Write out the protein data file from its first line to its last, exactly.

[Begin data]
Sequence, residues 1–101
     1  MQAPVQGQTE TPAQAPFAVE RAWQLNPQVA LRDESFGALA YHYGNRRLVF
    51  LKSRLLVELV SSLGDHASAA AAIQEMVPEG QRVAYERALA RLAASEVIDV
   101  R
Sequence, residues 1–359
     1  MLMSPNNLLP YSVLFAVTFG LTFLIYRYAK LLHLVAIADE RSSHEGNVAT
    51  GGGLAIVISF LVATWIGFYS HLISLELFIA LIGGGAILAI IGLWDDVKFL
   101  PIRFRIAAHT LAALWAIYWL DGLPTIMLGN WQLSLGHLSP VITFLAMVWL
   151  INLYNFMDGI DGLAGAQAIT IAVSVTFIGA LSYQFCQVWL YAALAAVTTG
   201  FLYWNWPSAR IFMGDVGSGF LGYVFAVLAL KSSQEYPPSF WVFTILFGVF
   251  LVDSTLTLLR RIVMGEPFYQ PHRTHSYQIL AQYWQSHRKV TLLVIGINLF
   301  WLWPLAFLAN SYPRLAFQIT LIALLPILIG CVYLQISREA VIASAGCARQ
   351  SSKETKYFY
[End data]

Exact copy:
Sequence, residues 1–101
     1  MQAPVQGQTE TPAQAPFAVE RAWQLNPQVA LRDESFGALA YHYGNRRLVF
    51  LKSRLLVELV SSLGDHASAA AAIQEMVPEG QRVAYERALA RLAASEVIDV
   101  R
Sequence, residues 1–359
     1  MLMSPNNLLP YSVLFAVTFG LTFLIYRYAK LLHLVAIADE RSSHEGNVAT
    51  GGGLAIVISF LVATWIGFYS HLISLELFIA LIGGGAILAI IGLWDDVKFL
   101  PIRFRIAAHT LAALWAIYWL DGLPTIMLGN WQLSLGHLSP VITFLAMVWL
   151  INLYNFMDGI DGLAGAQAIT IAVSVTFIGA LSYQFCQVWL YAALAAVTTG
   201  FLYWNWPSAR IFMGDVGSGF LGYVFAVLAL KSSQEYPPSF WVFTILFGVF
   251  LVDSTLTLLR RIVMGEPFYQ PHRTHSYQIL AQYWQSHRKV TLLVIGINLF
   301  WLWPLAFLAN SYPRLAFQIT LIALLPILIG CVYLQISREA VIASAGCARQ
   351  SSKETKYFY